The potential down-side to Naschy's appetite for old school horror cliches is that... well... let's calls 'em like we sees 'em: his werewolf movies are pretty much the same story told over and over again with small tweaks. So let's discuss the tweaks that make "Frankenstein's Bloody Terror" so eminently watchable, OK?
1) A ludicrous love triangle. In tried-and-true storybook style, Daninsky (quite literally) waltzes into Janice's life during a masquerade party and the teenager is instantly smitten, casting aside her significantly-less-barrel-chested boyfriend, Rudolph. Later in the film, when Daninsky saves Rudolph's life during a werewolf attack (and is fatefully bitten by the beast in the process), Rudolph seems to topple head-over-heels for the darkly brooding muscle-count himself, taking on a manservant role and trying to protect Daninsky from harm. This Daninsky-worship would carry throughout Naschy's films, with the werewolf-slash-nobleman's milkshake bringing persons of both genders flocking to the yard time and again.
2) Kickass sophisticated vampires. I like vampires--but I specifically like monster vampires and Draculas. Dr. Janos Mikhelov and his boobalicious wife Wandessa (remember that name, Naschyfans!) are prime examples of this latter flavor of bloodsucker. Improving on the already-excellent "bleh bleh" cape-wearing cartoon we all know and love, Dr. Mikhelov and Wandessa are black magicians who are seeking to harness Daninsky's curse for their own nefarious needs! Let me take a moment to salute the cheekbones of actor Julián Ugarte, who plays Dr. Mikhelov. I kinda wish he was in every movie--remember how much he en-rad-ened the boringer-than-it-ought've-been Italo-thriller "All the Colors of the Dark" with his presence as the taloned cult leader? Take a good gander at that photo above, interpals--that's gonna be me and Baron XIII in 10 years (although the Baron might have to stand on a box to be that tall).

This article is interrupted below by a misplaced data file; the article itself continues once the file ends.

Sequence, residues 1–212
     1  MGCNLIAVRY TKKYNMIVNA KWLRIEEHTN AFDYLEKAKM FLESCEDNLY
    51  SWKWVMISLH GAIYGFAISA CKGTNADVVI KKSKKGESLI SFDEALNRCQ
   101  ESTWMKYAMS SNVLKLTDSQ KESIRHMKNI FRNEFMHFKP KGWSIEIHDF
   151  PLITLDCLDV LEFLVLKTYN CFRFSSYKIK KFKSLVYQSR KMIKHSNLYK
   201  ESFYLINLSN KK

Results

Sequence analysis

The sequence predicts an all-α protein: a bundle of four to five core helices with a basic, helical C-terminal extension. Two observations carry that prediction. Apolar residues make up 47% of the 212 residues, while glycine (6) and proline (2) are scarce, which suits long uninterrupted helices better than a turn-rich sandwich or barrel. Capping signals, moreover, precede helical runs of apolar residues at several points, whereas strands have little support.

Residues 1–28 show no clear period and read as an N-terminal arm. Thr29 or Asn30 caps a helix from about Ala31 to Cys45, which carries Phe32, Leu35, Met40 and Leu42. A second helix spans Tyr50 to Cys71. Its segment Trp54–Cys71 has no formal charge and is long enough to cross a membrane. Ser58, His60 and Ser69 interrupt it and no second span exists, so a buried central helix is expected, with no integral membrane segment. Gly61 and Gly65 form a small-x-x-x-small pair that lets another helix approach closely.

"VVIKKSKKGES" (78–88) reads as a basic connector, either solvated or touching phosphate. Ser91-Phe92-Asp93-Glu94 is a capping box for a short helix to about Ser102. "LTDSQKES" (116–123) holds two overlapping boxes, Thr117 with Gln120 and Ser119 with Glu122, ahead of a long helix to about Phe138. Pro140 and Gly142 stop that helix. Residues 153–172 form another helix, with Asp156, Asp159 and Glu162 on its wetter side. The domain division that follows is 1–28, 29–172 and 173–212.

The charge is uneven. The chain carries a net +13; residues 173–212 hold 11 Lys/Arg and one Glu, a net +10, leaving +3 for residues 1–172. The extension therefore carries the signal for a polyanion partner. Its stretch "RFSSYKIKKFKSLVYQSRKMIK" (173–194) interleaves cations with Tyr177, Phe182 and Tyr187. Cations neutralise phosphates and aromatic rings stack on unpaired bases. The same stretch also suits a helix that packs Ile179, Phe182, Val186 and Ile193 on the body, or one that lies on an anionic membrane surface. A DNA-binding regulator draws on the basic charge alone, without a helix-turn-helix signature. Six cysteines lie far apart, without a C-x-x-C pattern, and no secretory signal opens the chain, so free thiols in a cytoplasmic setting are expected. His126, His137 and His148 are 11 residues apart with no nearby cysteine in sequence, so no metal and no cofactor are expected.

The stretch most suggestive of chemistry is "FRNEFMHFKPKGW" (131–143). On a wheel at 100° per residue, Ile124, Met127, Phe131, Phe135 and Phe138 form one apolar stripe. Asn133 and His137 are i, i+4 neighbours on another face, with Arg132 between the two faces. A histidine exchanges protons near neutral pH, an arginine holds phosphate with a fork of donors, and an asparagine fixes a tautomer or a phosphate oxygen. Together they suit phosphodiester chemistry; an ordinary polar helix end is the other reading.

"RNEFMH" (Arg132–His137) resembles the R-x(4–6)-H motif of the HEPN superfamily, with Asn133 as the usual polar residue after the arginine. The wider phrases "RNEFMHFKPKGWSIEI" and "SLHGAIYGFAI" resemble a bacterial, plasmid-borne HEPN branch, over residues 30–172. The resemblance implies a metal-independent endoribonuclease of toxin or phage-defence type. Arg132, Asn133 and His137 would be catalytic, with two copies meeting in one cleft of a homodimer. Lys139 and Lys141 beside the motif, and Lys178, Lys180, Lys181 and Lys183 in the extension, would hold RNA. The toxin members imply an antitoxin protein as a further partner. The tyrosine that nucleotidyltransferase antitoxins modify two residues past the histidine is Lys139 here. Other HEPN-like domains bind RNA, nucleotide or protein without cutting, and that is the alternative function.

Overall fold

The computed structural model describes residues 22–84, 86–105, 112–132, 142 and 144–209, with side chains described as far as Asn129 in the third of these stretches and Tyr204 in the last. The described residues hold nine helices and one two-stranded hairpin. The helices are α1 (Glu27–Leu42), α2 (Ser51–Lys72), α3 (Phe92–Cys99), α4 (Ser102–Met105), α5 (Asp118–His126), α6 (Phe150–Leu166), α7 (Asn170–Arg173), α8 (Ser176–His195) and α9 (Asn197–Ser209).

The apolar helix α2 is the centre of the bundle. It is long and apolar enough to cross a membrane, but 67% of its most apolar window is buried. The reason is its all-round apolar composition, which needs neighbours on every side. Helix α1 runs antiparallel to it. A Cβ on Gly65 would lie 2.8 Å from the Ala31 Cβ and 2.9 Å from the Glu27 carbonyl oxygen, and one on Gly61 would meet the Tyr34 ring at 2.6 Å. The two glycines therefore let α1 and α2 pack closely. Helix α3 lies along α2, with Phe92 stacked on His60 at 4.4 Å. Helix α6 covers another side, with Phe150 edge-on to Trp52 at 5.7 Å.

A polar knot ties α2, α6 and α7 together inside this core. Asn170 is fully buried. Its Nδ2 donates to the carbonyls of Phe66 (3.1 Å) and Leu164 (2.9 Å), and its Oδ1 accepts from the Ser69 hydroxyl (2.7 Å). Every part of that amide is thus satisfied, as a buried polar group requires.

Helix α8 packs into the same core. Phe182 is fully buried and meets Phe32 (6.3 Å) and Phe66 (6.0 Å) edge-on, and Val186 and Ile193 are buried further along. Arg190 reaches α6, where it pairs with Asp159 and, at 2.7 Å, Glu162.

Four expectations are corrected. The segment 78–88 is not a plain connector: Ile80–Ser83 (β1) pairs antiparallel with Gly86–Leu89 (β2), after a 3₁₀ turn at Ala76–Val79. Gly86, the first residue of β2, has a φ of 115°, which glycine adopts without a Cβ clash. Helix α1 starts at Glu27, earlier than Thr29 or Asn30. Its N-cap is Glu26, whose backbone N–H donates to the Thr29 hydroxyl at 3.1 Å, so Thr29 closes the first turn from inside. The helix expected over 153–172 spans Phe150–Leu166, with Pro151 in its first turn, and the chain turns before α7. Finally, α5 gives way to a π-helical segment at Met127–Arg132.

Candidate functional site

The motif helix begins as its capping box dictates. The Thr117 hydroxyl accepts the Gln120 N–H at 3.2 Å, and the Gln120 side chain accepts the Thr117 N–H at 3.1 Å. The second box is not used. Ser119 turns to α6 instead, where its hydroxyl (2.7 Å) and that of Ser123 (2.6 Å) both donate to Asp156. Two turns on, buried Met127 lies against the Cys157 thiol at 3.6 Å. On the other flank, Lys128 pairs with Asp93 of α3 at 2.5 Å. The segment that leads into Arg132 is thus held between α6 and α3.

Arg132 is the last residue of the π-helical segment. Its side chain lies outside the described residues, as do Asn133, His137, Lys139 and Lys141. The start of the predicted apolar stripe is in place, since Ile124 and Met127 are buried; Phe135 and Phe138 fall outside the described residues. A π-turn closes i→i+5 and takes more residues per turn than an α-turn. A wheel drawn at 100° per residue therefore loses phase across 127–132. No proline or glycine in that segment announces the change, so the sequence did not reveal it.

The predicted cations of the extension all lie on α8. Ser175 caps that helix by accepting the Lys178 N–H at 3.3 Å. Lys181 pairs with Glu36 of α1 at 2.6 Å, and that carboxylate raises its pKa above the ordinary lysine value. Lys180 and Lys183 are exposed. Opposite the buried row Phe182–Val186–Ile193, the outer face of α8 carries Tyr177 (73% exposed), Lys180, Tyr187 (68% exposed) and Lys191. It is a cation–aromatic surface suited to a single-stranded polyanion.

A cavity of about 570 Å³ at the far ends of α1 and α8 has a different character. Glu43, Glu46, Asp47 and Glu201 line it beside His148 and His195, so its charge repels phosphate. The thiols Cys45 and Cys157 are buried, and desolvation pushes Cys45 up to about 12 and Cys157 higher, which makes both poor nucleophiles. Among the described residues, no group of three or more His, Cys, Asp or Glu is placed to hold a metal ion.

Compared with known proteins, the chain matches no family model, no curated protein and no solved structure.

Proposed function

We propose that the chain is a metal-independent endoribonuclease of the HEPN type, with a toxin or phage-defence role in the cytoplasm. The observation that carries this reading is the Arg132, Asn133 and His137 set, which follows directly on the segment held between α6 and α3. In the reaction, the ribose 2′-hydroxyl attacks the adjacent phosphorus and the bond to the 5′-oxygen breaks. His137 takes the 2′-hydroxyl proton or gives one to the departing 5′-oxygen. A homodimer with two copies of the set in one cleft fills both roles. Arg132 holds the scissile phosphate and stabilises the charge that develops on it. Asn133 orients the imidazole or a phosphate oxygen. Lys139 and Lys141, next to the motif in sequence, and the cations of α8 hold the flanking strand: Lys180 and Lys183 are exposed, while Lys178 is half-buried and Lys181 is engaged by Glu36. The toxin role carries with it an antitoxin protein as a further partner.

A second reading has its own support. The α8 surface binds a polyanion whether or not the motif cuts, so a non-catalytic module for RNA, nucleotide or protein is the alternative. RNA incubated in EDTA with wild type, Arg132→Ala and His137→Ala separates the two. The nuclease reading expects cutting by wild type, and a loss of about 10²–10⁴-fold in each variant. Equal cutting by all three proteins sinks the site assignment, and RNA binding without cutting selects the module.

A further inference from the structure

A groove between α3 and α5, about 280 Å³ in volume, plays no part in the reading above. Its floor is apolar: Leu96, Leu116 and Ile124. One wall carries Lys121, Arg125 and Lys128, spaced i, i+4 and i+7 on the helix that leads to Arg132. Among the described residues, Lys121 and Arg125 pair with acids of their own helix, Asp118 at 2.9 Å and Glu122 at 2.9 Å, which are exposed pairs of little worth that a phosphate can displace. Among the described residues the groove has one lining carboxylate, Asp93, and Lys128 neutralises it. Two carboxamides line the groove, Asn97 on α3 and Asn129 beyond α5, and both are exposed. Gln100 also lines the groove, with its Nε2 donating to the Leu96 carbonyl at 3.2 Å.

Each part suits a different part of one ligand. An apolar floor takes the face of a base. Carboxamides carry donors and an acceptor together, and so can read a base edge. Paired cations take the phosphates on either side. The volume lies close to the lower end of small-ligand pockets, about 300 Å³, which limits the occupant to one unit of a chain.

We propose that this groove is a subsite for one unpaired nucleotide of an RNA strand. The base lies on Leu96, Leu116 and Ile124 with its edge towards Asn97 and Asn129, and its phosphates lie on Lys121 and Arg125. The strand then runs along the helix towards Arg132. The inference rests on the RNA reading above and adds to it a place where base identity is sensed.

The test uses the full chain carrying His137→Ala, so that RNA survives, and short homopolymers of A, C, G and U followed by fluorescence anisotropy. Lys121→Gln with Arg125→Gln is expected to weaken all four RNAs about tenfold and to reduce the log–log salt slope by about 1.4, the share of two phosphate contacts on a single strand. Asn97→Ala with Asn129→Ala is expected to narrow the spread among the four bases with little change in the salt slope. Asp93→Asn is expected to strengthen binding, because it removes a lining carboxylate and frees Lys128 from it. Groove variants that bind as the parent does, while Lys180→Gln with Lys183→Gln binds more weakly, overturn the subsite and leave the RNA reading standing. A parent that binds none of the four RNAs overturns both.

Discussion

3) Cleavage. What this movie lacks in nipples, it makes up for in creamy, quivering inter-bosom chasms. Just when I thought the movie had hit a sad note with the inevitable-yet-still-untimely demise of the barefoot gypsy girl, it gave me Wandessa in her startlingly structured gowns.
4) Monster fights. Man vs. werewolf, werewolf vs. werewolf, and ultimately vampire vs. werewolf. When presented with two new action figures, the first thing a little boy will do is make those plastic bastards fight. It is with the same youthful joy that Naschy presents us with several such grapple-matches between supernatural fighters.
For the kind of megadose of Vitamin M(onster) that the Halloween-season-loving kid in all of us craves, "Frankenstein's Bloody Terror" truly delivers the goods.